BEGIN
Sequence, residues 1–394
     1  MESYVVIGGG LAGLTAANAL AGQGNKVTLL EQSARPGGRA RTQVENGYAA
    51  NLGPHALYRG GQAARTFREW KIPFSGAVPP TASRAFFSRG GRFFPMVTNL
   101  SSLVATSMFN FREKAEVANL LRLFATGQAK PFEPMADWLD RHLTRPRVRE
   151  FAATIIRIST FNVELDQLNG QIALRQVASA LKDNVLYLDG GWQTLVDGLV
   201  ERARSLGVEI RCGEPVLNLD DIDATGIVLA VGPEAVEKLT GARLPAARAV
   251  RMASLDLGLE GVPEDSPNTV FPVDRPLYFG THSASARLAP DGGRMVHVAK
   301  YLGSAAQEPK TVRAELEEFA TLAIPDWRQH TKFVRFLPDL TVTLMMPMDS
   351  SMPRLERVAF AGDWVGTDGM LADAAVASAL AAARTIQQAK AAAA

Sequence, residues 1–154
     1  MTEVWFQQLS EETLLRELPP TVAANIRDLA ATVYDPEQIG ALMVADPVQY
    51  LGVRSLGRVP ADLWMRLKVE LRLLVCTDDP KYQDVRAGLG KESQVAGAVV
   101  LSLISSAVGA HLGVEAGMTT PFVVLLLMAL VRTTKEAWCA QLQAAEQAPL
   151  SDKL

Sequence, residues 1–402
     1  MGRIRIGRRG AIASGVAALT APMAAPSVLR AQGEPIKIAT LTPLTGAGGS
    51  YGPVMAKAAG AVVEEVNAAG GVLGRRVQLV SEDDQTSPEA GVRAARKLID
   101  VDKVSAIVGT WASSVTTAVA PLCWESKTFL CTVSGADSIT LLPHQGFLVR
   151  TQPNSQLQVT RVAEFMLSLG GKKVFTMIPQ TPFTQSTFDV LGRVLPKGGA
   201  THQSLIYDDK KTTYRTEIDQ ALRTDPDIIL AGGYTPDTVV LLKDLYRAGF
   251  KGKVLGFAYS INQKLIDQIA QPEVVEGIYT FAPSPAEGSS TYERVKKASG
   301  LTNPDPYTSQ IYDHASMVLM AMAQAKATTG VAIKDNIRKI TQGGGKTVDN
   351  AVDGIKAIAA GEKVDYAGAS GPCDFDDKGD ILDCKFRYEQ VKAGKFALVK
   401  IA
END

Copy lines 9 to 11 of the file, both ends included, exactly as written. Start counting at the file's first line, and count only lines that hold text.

   351  SMPRLERVAF AGDWVGTDGM LADAAVASAL AAARTIQQAK AAAA

Sequence, residues 1–154
     1  MTEVWFQQLS EETLLRELPP TVAANIRDLA ATVYDPEQIG ALMVADPVQY